World Series of Poker Europe

Stud Poker Strategy: K.I.S.S. -- Keeping it Simple, Stupid

Stud Poker Strategy: K.I.S.S. -- Keeping it Simple, Stupid 0001

I'm leaving for the World Series of Poker today, June 28th. I'll be playing in the H.O.R.S.E. tournament tomorrow, Sunday. I'm excited, but realistic. Even so, it's a heady thing to contemplate – playing among the best of the world. I'm looking forward to it.

Being gregarious, I get into many conversations about poker – especially now that my thoughts are fueled by the poker excitement that awaits me. I had a conversation today that forced me to return to basics in my thinking. Let me share some of what I discussed.

I was talking to a non-poker player. That's not to say that she didn't know how to play at all. She did; I didn't have to teach her the basic rules. She had played five-card draw as a child and a little stud and hold'em when she was in college. But she didn't play regularly and didn't even watch it on TV – though she had seen a show once or twice.

She asked me if poker was indeed a game of skill or whether it was really just a lot of luck. I explained that it was a game of skill, though luck was surely a major factor in the short run. She wasn't satisfied with that quick explanation and asked me to elaborate. She pressed me to give her a few pointers that she might remember if she were ever to sit down to play with her friends.

At first I was reluctant to answer. I mean, it was insulting, in a way, to expect me to be able to give her a simple capsule of an answer about poker strategy when I've written over a million words on the subject. But then, I realized that it's sometimes helpful to be forced to be very simple and very brief. So I decided to give her the five most elementary considerations for winning poker.

Play High-quality Starting Cards

I explained that experts can win sometimes regardless of their cards. But before you become an expert you'll need to understand how some hands have a better probability than others of improving to winning hands. It's like learning to draw a realistic still life before becoming an abstract artist, I explained. You need to learn relative hand values before you can become adept at learning the more advanced techniques of bluffing, trapping, slowplaying, semibluffing, etc.

Learn the Simple Math — Pot Odds and Drawing Odds

A good player must understand how to compare the amount he will win in a given hand, if he wins it, to the chances that he will improve his hand to a winning hand. This is simple lesson that cannot be skipped if you're going to get any good at poker. It's true that an expert needs to understand implied odds, fold equity, and the like. But before he can fully understand any advanced concepts like that he must first be able to quickly and accurately estimate whether the pot is and is likely to be large enough to justify calling a bet.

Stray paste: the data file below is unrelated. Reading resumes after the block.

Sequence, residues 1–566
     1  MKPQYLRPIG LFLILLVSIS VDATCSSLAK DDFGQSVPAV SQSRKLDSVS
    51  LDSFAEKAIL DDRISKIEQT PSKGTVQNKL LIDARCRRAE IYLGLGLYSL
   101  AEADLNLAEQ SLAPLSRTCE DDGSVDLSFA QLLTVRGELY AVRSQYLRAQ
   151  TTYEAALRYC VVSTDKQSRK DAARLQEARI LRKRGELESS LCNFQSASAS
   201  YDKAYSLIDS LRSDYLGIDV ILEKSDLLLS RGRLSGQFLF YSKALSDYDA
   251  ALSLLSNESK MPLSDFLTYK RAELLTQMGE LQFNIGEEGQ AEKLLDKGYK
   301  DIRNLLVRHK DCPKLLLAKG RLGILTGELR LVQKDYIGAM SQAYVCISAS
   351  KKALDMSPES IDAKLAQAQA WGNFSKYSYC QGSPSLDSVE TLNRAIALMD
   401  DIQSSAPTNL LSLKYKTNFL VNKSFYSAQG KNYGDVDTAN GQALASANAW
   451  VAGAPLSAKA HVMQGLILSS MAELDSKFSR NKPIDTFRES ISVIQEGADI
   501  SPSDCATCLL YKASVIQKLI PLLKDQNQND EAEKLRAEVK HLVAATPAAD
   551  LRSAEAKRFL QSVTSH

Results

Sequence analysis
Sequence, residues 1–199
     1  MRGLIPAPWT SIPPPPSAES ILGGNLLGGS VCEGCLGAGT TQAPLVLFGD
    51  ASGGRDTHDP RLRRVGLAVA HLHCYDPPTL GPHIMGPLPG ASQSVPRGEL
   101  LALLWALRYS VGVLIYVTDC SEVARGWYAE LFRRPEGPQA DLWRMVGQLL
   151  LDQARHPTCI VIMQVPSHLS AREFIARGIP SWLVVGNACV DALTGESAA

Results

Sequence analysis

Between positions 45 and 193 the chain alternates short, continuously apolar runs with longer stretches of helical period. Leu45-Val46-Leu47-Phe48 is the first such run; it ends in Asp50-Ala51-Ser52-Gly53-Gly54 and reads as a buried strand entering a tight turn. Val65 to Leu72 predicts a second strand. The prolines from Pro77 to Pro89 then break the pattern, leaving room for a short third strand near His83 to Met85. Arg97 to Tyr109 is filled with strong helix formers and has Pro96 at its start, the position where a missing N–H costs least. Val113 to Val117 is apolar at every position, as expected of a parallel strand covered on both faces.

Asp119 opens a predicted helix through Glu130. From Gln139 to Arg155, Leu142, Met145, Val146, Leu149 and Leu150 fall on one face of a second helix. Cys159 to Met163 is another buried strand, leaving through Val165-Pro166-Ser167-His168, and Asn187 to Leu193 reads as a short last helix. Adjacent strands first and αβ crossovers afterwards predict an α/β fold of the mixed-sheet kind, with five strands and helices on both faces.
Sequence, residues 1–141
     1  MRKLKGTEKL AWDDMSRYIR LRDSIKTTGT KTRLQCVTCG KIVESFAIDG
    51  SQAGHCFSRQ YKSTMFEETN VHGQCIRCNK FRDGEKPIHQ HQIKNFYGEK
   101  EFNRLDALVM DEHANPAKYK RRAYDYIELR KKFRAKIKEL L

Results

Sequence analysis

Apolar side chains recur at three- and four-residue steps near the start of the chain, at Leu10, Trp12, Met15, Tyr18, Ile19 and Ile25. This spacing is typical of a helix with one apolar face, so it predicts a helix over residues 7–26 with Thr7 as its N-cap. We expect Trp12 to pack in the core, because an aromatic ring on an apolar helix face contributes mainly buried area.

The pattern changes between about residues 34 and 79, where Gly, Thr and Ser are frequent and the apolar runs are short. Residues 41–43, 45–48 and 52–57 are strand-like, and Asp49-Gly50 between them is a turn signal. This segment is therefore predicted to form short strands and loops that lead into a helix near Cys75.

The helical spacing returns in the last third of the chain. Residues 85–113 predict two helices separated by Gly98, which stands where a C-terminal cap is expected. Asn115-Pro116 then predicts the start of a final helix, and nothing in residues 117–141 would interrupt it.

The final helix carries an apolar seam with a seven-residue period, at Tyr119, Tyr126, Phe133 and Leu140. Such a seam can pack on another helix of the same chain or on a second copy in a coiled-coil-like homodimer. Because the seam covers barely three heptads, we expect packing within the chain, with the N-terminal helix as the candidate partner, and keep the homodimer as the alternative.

Do Not Put More Money in a Pot Just Because You are in It Already

This is often stated as, "Don't throw good money after bad." And it's yet one more example of a poker expression that has entered the general lexicon. It is a skill of self-control, more than anything else. It comes into play when a player who may have started out with a good chance of winning, recognizes that because of the way the hand is being played or the way the cards continue to be dealt in the hand or both, it makes sense to fold. Many a bankroll has been lost because an otherwise good player fell in love with a hand that had gone south.

Bluffing is Overrated – Especially Among Poor Players or in Limit games

Bluffing is certainly part of poker. But bad players are usually bad because they tend to call too much and fold too infrequently with bad or mediocre hands. You don't exploit this weakness by bluffing them but by playing better hands than they have. In limit poker, where the size of the bet is frequently only a very small percentage of the pot, even good players will call bets because of the good pot odds they are being offered. Too often, beginning or otherwise unskilled players, bluff too often, thinking it is something that poker players should do, only to be called, losing a bet they might have saved had they only checked.

Look for Players Who are Less Skilled Than You

Playing poker, for any serious money, shouldn't be like buying a house. You don't want to be the worst house in the nicest neighborhood. You want to be the castle in the slum if you can. There's no prize for playing in the toughest game. Find games with soft players whom you can exploit; this is where you'll make your money. If you want tough competition so you can learn how to get better, then pay for some lessons, as they'll be cheaper.

. . . .

There were many more things I could tell her, as in implied odds, tells, about not playing when tired, about drinking, about not getting cheated, about recognizing an unprofitable rake, about comps, about recognizing her image in the minds of her opponent, about learning all the rules first, or about any number of things that a truly excellent player needs to learn. But I didn't want to overwhelm her. And I wanted to be brief. So I left it at just these five basic tools. Looking over it, I'm pleased with my work. I'd be interested in knowing your thoughts on the matter as well. If you only had five things you could teach to a new player, what would you put on the list?

What do you think?

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